Seating is limited and you must pre-register for the workshop. There is a registration fee of $25.
You can LIKE Ohio Animal Companion on Facebook HERE.
To find out more about this event, go to the Ohio Animal Companion events page on Facebook HERE.
You can also register for the workshop on Eventbrite HERE.
LIKE Capital Area Humane Society on Facebook HERE.
Once again, PetPromise will be hosting their “5K Walk and Run for Homeless Pets.” The Rescue Run will take place over Memorial Day weekend on Saturday, May 23, with the race beginning at 10:00 am. Walkers, runners, and friendly dogs are welcome to come out and support PetPromise’s efforts to change the future for homeless pets.
The event takes place at McFerson Commons Park (in the Arena District) located on Nationwide Blvd. at 218 West Street in Columbus.
The registration fee is $30. May 20 is the last day to register online.
To get all the details about the Rescue Run and register online, go HERE.
On Tuesday, May 12 through Wednesday, May 13 (from 10 am to 10 am), The Columbus Foundation will present a 24 hour opportunity for Central Ohio non-profits that are part of their PowerPhilanthropy to receive donations from the public. Those groups receiving donations will also be able to get money from The Columbus Foundation’s bonus pool of funds–up to 1.3 million dollars!
From 10 am on May 12 to 10 am on May 13, credit card donations of $20 will have the fees covered by The Columbus Foundation. That means 100 percent of donations will go to the charity you choose!
To participate, just visit Columbusfoundation.org.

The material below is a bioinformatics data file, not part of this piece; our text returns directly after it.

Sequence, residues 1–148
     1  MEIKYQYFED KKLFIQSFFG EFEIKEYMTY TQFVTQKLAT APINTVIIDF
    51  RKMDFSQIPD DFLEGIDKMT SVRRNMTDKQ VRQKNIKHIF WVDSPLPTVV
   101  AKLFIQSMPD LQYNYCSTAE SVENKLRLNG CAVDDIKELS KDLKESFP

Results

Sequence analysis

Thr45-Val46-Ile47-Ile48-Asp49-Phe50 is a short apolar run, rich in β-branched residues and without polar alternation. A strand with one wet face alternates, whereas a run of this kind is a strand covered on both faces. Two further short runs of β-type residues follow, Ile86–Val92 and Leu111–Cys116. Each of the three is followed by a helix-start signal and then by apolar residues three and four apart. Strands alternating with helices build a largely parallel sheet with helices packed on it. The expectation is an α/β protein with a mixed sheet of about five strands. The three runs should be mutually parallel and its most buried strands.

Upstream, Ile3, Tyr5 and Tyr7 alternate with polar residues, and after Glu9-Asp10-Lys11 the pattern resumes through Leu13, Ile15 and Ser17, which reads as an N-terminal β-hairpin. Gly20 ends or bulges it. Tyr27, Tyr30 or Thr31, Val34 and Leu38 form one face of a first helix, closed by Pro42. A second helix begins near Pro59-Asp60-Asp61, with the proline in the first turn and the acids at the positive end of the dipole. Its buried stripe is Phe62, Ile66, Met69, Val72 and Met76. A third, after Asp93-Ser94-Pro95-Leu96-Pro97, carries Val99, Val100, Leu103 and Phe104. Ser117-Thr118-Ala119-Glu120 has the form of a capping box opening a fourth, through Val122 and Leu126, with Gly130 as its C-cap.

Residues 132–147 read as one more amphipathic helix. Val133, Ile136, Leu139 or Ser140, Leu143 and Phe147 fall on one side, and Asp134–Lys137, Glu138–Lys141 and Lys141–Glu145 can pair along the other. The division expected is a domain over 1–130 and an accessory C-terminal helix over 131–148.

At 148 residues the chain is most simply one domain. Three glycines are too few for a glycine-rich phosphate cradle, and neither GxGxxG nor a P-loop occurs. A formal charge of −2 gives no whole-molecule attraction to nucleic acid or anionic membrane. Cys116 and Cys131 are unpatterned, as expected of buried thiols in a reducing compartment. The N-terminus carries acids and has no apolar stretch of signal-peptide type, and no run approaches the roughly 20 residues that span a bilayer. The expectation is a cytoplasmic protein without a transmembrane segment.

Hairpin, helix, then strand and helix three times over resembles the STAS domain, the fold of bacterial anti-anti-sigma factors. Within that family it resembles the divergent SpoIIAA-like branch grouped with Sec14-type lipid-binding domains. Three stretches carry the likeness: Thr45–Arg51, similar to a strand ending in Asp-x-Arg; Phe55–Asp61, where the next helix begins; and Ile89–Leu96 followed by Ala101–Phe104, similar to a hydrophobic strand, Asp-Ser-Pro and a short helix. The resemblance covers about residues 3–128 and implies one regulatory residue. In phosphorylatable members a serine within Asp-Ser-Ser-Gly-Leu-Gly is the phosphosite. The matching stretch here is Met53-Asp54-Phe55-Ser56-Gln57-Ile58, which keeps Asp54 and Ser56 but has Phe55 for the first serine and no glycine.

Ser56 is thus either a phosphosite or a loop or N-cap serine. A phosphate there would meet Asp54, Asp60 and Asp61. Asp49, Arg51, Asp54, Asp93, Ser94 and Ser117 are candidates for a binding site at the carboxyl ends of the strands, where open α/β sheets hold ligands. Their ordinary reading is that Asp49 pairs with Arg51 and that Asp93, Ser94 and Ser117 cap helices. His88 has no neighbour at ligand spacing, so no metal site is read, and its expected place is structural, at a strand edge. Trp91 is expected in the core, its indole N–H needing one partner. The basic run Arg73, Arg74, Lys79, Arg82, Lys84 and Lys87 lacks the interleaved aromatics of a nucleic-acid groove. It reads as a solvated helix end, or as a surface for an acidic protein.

Click on the BIG GIVE banner.
Select the non-profit of your choice from among 600 plus organizations that are part of PowerPhilanthropy. To see all of the groups, go HERE.
There are 26 organizations that are listed under “Animal Welfare and Conservation.” To see all of these groups for animals, go HERE. Click on “Program Area” and select “Animal Welfare and Conservation.”
I highly recommend that you donate to our friends at PetPromise. We do a lot of collaborative work with PetPromise and we love them and all the great things they do. Your money will go to help with Trap Neuter Return projects through their City Kitty Program or to help find homes for abandoned and neglected cats and dogs.
Secondly, I would ask you to donate to Sunrise Animal Sanctuary. This super organization in rural Marysville provides lifelong sanctuary to abused and neglected farm animals.
I am also recommending that people donate to Columbus Dog Connection. Columbus Dog Connection has a new Mobile Spay/Neuter Truck and to ease the burden of fundraising for other rescues, they also write for and share grant money to help save more cats and dogs. We have used “The Andy,” the mobile clinic, over the past two years for spay and neuter days in Buckeye Lake and rural Champaign County and the staff and clinic are super!